Philip Ball celebrates Paul Schleyer’s contributions to scientific discourse, spanning decades and disciplines

If someone asked me what kind of chemist Paul Schleyer was, I’d have trouble answering. And judging by the obituaries and tributes that followed his death in November, I’m not the only one struggling to encapsulate and categorise his work. He has been called a physical organic chemist, but you really need to add a few more adjectives, such as inorganic, theoretical, synthetic, computational… until there’s little of chemistry left to exclude. 

Maybe we should just say that he was a complete chemist. A 2010 symposium to mark Schleyer’s 80th birthday, held in Erlangen where he worked from 1976 to 1998, ranged from exotic applications of NMR to inorganic nanorods, molecular machines, hypervalent carbon and computational biology. He doubtless had insights to contribute to all of those presentations.

Root and branch

There was something about Schleyer’s eclecticism and range that spoke not only of the breadth of chemistry, but of its history – a sense of a deep connection to its roots as a modern science. Some of his earliest important work – a synthesis of adamantane, which he conducted at the age of 27 and which made this little fragment of the diamond framework affordable for convenient lab study – was an outgrowth of the synthesis devised by Vladimir Prelog, one of the legends of 20th century chemistry. As this work exemplified, Schleyer belied any notion of a distinction between chemists who make and chemists who think. 

It’s intended as no slight to the arch-synthesist Robert Woodward that he needed to enlist the help of the young theorist Roald Hoffmann to put his vague ideas about bond-forming principles in the Diels–Alder reaction into what he called ‘respectable’ terms. But Schleyer was as immersed in theory as he was in experiment. His was not the chemistry of micro-disciplinary distinctions, but of understanding both the how and the why: a complete chemistry.

Most of us will know Schleyer for his carbon chemistry. His interest in bicyclic and strained carbon frameworks inevitably plunged him into the notorious non-classical ion controversy, which for some protagonists took on the aspect of a ‘holy war’. Could carbocations really contain bonds in which the electrons are delocalised between three carbon atoms, with the positive charge smeared between them, as Saul Winstein maintained? Or was this an unnecessary and faddish idea with a much more conventional explanation, as Nobel laureate Herbert Brown insisted? The arguments during the 1960s and 70s were sometimes intemperate – but not when Brown debated with Schleyer (who sided with Winstein). For with him these matters could be settled with calm, meticulous discussion, which he conducted with Brown in person.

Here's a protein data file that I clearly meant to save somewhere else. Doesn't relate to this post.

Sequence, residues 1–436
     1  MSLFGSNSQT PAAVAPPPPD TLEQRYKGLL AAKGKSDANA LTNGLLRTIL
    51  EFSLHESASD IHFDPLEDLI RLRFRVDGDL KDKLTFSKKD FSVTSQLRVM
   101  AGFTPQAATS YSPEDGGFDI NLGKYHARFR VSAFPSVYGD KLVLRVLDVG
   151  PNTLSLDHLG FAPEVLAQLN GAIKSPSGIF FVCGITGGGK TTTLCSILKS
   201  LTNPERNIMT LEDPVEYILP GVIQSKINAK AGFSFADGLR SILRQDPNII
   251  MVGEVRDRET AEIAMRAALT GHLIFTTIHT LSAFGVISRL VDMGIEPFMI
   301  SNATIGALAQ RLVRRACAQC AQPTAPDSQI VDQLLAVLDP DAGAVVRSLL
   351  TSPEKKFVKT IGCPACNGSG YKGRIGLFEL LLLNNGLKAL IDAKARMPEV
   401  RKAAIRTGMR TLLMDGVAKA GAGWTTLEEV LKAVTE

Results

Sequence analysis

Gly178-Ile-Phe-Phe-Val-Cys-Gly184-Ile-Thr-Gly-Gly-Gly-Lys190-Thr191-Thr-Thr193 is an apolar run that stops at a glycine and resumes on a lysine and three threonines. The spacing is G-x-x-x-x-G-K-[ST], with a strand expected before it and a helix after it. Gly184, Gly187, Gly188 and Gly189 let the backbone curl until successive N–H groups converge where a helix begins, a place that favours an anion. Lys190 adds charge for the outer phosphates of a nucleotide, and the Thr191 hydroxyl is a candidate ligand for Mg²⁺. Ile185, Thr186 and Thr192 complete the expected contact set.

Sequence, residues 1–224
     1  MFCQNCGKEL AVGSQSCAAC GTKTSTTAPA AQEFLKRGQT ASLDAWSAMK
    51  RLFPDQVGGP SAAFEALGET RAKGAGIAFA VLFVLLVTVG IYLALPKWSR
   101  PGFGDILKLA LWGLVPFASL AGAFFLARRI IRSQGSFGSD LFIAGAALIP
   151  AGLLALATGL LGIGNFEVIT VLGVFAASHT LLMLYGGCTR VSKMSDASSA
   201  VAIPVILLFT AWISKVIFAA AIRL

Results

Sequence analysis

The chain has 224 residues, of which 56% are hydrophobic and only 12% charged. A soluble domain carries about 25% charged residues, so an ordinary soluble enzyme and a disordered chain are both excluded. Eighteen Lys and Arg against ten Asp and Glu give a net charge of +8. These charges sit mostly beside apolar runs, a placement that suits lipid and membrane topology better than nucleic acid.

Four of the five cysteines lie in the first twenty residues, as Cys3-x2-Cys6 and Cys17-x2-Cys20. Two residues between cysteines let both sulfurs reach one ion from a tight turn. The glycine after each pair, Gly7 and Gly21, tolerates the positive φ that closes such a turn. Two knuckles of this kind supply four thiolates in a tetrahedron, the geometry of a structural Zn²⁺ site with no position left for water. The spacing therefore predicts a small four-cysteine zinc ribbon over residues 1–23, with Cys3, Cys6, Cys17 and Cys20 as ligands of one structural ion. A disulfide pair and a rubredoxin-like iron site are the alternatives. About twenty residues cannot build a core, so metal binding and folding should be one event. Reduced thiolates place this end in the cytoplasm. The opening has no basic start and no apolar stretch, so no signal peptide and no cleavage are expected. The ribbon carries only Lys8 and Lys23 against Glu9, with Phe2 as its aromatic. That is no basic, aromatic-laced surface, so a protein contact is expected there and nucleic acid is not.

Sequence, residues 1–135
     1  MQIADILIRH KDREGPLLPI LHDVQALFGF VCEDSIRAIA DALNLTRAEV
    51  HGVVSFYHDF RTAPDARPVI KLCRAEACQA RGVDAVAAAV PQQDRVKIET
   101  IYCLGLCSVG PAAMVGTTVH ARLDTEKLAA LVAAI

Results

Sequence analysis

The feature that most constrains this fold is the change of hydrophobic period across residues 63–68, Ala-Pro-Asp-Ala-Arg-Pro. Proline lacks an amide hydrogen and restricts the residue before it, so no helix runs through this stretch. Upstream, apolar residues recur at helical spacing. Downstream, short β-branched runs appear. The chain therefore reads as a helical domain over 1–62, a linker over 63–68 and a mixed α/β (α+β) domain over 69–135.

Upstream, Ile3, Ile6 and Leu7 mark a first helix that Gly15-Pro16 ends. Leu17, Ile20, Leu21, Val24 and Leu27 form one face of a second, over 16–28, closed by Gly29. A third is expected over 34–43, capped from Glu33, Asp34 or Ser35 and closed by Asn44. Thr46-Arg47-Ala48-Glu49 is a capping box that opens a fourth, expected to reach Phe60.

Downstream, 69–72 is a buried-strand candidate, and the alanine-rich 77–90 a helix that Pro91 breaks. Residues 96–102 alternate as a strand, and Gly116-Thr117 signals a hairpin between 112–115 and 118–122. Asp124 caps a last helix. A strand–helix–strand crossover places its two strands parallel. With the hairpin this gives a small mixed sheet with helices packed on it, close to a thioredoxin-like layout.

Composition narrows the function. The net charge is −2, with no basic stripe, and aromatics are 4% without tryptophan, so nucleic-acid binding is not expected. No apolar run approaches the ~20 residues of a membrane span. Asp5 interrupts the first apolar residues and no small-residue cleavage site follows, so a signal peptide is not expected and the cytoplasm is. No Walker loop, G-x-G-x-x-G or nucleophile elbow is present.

Such interests brought Schleyer into contact with George Olah, a future Nobel laureate, who managed (in the face of much scepticism) to isolate a relatively stable carbocation and verify its non-classical structure. The debate also showed the importance of having reliable methods for computing electronic structures of molecules, for which Schleyer was a tireless advocate. He allegedly left Princeton University in 1976 because of its bureaucracy and over-charging for computer time, and established Erlangen as a haven for those who wanted to work in this new field. His theoretical work involved collaborations with John Pople, who won a Nobel for pioneering quantum-chemical methods. 

General knowledge

You can’t help wondering how anyone mixing in such company failed to gather a Nobel themselves. Schleyer will surely join the ranks of those considered to have been overlooked by Stockholm, but it’s not clear that such recognition could have added much to the esteem he was afforded by his peers. Many testimonials not only rate him among the true greats (‘a titan among modern chemists’ according to Peter Stang at Utah, editor of the Journal of the American Chemical Society) but also speak of his passion, energy and kindness: qualities of a rounded human being. Princeton emeritus Kurt Mislow captures his spirit most adeptly: he combined a fierce ‘adherence to the integrity of the scientific process’ with a ‘playful, high-spirited, good-natured and exuberant personality’.

The wider question is whether the likes of Schleyer, with such breadth and imagination, are a vanishing breed. Of course, that can easily become an empty lament for the good old days, but it seems fair to ask if the pressure on young researchers today to narrow their interests in order to make an impact as soon as possible leaves room for generalists. Far from inhibiting his productivity – he published over 1000 papers – Schleyer’s wide range probably encouraged it: he had the vision to find interesting questions. What seemed to matter most was that he saw a unity in chemistry: a unity perhaps crystallised around the idea of bonding. That unity needs to be respected and celebrated.